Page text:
• Opinion   Thu, Jun 23rd, 2022   Barry S. Wolfe

Bacon Scrapins are the little bits of meat left in the greasy fry pan. They’re tasty, but the nutrition needs searching for. This tale is a bacon scrapin.
One of my pleasures is sitting in my zero-gravity recliner and pondering stuff. Important stuff, like the destination of a passenger jet overhead. The drift of ‘continents and their peoples’ as imagined in overhead clouds’ shapes. The drift and swoop of birds. I enjoy their graceful arcs as they come in to land, and then, with a perky twist of the head, they check for potential predators or a food source.
The pleasure I treasure, though, is sitting in my recliner, in pristine condition, washed only by the rain. I had never considered that I might be motivated to become a robin’s predator. But the past few weeks have had me planning combat strategies – me versus the robins.
It had come to pass that I was not the only one who enjoyed the view from my recliner. It was long white streaks that appeared on the back of my chair that first caught my attention. Looking out the back window, I spied a culprit. A robin was enjoying the scenery from the rear yard, as I like to, while perched on the top of the back of my chair. Not its chair, my chair. My throne of solitude!
And then it did it! A long white streak of goo appeared down my chair. Guano! Bird poop! And the robin didn’t even have the dignity to be embarrassed. It just rested there and continued to enjoy my view, relieved of all its worldly cares. The selfish vandal! It was using my throne as its throne - turning it ceramic white. It sat there and enjoyed the graces of living, where I should be able to sit with no worldly concerns – including no guano!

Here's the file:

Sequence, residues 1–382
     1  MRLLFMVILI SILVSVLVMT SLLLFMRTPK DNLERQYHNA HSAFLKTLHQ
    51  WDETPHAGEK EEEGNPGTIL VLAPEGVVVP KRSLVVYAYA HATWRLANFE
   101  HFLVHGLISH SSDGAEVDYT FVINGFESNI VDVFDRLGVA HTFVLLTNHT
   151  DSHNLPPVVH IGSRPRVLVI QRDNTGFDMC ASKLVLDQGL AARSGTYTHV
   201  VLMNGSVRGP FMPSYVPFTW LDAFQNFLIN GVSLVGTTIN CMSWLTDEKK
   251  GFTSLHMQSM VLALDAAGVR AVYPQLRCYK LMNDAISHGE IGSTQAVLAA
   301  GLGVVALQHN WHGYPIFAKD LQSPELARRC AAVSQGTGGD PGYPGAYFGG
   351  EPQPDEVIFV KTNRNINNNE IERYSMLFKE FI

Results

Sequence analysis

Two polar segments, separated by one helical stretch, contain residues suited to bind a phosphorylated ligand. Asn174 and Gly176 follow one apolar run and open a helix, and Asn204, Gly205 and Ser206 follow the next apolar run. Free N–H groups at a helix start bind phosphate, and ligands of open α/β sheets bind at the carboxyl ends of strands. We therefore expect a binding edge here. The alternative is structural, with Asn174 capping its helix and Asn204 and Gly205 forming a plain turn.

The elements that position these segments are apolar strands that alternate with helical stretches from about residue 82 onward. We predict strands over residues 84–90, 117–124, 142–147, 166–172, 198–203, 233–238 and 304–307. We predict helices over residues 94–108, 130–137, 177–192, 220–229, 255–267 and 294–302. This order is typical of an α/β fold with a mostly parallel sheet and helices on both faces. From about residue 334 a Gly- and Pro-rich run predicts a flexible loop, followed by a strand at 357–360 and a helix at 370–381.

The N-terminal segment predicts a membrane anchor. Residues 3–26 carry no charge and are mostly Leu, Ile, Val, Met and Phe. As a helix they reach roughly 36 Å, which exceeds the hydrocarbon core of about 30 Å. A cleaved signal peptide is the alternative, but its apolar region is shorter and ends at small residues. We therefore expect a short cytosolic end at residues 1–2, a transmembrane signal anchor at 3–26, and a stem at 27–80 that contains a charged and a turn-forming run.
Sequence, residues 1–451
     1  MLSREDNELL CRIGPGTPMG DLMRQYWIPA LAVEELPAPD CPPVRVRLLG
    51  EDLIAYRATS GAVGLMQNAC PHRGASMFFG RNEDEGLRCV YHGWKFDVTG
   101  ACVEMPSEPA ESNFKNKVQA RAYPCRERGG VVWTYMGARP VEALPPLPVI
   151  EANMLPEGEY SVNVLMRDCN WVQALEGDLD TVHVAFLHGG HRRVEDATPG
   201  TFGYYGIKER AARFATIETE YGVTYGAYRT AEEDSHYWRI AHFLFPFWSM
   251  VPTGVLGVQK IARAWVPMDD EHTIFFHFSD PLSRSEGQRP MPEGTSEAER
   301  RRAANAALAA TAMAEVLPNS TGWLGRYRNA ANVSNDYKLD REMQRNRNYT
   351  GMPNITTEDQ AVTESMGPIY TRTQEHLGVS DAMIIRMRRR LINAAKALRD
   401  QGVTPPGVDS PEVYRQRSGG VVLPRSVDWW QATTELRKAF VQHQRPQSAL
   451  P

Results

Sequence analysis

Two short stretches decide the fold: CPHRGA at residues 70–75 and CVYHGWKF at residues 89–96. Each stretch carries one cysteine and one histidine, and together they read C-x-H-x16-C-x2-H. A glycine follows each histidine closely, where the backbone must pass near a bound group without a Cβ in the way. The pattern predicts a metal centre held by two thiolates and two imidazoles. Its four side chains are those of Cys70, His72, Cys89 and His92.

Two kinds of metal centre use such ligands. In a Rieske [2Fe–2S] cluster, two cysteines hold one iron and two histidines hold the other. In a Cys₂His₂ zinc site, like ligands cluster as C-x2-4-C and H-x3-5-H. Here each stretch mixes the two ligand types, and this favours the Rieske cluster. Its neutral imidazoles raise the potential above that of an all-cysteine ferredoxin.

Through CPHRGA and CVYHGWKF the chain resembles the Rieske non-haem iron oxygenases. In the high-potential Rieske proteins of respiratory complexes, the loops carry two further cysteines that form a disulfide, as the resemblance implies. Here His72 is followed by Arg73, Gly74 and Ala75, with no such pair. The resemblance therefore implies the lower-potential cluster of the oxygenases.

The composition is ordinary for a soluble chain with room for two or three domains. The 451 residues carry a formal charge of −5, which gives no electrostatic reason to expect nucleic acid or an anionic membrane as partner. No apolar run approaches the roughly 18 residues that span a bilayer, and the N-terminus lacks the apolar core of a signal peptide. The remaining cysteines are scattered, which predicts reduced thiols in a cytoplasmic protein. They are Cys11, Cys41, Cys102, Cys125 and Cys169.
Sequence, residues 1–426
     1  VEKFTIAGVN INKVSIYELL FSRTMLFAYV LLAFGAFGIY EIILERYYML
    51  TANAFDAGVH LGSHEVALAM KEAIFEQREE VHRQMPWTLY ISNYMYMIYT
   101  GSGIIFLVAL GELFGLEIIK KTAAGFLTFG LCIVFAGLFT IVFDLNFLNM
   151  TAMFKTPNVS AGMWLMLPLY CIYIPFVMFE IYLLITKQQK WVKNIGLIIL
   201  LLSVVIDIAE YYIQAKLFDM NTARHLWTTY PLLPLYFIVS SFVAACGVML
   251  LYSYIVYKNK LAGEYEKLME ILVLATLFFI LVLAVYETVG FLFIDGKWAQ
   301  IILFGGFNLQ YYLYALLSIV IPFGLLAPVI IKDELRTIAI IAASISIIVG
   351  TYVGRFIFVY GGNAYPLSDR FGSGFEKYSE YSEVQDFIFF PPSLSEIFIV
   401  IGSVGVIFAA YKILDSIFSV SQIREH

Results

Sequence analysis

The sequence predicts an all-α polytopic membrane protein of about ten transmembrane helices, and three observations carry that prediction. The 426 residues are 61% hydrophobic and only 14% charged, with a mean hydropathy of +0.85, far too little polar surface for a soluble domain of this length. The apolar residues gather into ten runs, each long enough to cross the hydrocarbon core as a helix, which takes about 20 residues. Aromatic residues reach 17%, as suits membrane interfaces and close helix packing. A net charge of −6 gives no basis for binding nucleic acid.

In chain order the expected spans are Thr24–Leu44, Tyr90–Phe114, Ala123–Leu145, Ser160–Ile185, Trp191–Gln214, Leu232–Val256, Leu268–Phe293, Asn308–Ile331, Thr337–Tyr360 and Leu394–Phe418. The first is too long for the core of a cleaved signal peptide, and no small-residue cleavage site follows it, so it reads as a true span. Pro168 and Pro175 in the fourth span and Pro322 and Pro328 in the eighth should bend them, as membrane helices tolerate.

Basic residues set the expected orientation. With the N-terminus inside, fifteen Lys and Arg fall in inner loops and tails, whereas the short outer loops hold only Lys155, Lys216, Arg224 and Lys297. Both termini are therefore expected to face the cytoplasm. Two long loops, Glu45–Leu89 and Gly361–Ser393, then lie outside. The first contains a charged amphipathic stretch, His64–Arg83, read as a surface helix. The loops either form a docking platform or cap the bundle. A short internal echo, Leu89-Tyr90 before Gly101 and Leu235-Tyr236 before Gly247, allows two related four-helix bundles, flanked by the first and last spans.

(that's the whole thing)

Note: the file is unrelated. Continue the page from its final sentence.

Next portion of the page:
Subsequently, I dragged the chair to the outside tap and hose nozzle, and with a soft-bristle brush, scrubbed off the defiling mess. I dragged the chair back to another spot, less under the huge pine tree, hoping the new location would not be in any birds’ landing flight path. Wrong. A few days later, the same accumulation of guano appeared.
What I needed, I decided, was a scarecrow. We have farm fields across the way, and get our share of domestic animal fumes, but a scarecrow did not seem to conform with the ambiance of our nine-stop-signs sized community. I needed another solution.
By happenstance, while in the ‘more-than-a-dollar-now’ store, I found it. It was perfect – six blades to catch the breeze, six colours, sturdy wooden frame, whirled easily with a pursed mouth blow, and only four bucks. A gorgeous whirligig!
I again cleaned off my zero-gravity throne, installed a short piece of black tubular water pipe foam insulation along the side of the chair frame, and slid the whirligig into place. It spun freely in the wind. My ‘scarecrow’ was in place.
I’ve been monitoring robin’s behaviour through the back window. The little villains hop toward the chair. They twist their scrawny necks to find a way past my defenses. The continued motion of the coloured blades dissuades their coming any closer. They move on to spread their havoc elsewhere. Success!
I still like watching birds, knowing they aren’t likely to drop their chaos onto my comfortable perspective of life’s ways.
I wonder if we could protect ourselves from ‘social-media-conspiracy-theorists’ guano if we all carried whirligigs?